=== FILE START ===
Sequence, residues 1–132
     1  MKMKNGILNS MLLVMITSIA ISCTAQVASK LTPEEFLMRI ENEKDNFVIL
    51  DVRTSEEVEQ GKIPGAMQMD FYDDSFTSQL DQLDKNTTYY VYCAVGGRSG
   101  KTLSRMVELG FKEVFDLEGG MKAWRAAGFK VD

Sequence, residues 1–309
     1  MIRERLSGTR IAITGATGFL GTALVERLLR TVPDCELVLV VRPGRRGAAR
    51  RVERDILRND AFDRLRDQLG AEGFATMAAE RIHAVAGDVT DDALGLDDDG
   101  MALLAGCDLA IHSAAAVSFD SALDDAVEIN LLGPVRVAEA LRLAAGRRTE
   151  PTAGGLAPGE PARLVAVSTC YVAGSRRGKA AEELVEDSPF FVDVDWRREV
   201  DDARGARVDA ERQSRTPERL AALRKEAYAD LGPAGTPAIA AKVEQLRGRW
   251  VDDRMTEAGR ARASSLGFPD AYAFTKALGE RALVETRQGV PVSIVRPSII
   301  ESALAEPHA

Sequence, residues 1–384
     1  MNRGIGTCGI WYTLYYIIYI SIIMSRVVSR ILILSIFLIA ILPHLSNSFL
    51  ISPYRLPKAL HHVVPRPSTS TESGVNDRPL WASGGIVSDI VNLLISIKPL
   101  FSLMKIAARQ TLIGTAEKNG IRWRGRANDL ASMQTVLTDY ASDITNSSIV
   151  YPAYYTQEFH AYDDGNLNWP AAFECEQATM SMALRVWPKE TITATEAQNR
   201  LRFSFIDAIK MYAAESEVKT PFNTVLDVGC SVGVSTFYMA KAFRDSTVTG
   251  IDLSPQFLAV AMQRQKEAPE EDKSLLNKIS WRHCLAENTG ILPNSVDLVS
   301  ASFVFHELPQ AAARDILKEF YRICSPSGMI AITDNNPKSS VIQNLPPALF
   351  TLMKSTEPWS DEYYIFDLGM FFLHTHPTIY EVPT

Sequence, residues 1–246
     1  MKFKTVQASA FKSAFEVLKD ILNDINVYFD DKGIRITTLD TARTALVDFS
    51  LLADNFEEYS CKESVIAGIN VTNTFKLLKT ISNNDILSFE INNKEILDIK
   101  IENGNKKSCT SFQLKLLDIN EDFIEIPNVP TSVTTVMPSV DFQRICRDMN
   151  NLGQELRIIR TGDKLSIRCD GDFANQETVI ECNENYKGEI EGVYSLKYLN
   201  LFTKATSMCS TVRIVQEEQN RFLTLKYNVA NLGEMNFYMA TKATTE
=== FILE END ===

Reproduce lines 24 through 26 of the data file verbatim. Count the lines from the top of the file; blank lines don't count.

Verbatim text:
    51  LLADNFEEYS CKESVIAGIN VTNTFKLLKT ISNNDILSFE INNKEILDIK
   101  IENGNKKSCT SFQLKLLDIN EDFIEIPNVP TSVTTVMPSV DFQRICRDMN
   151  NLGQELRIIR TGDKLSIRCD GDFANQETVI ECNENYKGEI EGVYSLKYLN